South Korea fired tens of artillery rounds towards North Korea on August 20 after the North fired a projectile towards a South Korean loudspeaker that had been blaring anti-Pyongyang broadcasts, the defence ministry in Seoul said.
North Korea did not immediately respond to the South’s shots, it said, as tensions rose on the peninsula.
South Korea said its detection equipment had spotted the trajectory of a suspected North Korean projectile launched at around 3:52 pm (0652 GMT), which did not appear to have damaged the loudspeaker or caused any injuries.
“Our military has stepped up monitoring and is closely watching North Korean military movements,” South Korea’s defence ministry said in a statement.
South Korea’s military raised its alert status to the highest level.
There was no mention of the firing in North Korean state media, which does not typically make immediate comment on events.
The suspected North Korean projectile landed in an area about 60 km (35 miles) north of Seoul in the western part of the border zone, the defence ministry said. South Korean residents in the area were ordered to evacuate, according to the South’s Yonhap news agency.
Yonhap reported that the projectile appeared to have landed in a mountainous area near a South Korean military base in the town of Yeoncheon.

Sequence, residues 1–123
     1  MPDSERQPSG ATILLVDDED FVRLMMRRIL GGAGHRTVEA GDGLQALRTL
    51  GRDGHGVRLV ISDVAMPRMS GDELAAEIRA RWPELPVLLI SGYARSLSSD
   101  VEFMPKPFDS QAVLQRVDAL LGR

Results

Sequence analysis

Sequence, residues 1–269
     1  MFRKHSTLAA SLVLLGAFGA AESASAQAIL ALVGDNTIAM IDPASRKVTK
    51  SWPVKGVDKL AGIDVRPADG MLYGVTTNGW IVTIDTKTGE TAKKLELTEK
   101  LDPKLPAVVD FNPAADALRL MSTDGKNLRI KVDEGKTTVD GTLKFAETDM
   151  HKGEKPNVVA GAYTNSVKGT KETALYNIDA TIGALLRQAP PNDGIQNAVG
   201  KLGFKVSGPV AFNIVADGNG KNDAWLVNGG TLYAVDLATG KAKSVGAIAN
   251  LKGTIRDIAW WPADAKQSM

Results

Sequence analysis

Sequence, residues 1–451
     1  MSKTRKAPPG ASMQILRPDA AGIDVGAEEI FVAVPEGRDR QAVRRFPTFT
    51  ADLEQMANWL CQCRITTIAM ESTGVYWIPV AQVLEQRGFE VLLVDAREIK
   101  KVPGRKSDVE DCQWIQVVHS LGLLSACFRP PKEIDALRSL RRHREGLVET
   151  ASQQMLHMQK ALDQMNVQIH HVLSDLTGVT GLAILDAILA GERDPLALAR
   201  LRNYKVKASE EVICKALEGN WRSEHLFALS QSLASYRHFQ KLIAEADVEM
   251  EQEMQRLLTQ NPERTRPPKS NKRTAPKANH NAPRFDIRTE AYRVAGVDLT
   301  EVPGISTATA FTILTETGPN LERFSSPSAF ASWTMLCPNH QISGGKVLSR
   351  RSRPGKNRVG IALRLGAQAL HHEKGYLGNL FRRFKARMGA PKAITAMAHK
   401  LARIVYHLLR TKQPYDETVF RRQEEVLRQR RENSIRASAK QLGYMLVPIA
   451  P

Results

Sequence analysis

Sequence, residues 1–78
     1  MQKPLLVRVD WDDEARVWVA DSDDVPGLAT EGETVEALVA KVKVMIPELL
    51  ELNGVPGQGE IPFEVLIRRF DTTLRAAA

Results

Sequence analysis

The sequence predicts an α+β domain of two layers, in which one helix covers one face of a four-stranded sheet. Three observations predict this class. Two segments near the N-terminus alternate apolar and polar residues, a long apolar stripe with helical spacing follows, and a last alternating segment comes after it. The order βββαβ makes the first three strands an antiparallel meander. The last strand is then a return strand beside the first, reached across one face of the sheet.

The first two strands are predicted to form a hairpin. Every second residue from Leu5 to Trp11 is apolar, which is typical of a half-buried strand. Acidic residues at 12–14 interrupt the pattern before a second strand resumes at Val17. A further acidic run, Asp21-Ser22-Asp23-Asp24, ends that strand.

South Korea’s presidential office said it had convened a meeting of the national security council.
The exchange of fire was the first between the two Koreas since last October, when North Korean soldiers approached the military border and did not retreat after the South fired warning shots, the South Korean Defence Ministry said at the time. The North’s soldiers fired back in an exchange of gunfire that lasted about 10 minutes, with no casualties.
Tension between the two Koreas has risen since early this month when landmine explosions in the Demilitarised Zone (DMZ) of the border wounded two South Korean soldiers. Seoul accused North Korea of laying the mines, which Pyongyang has denied.
Seoul then began blasting anti-North Korean propaganda from loudspeakers on the border, resuming a tactic that both sides had halted in 2004.
North Korea on Saturday demanded that the South halt the broadcasts or face military action, and on August 17 began conducting its own broadcasts.
The exchange of fire on August 20 came amid ongoing annual joint U.S. and South Korean military exercises, which began the same day and which North Korea condemns as preparation for war.
The two Koreas have remained in a technical state of war since the 1950-1953 Korean War ended in a truce, not a peace treaty.
South Korea’s won currency weakened in non-deliverable forward trading on the reports of the firing, which came after onshore spot trading had closed. The 1-month contract rose as high as 1,192.7 won per dollar from around 1,189.8 earlier.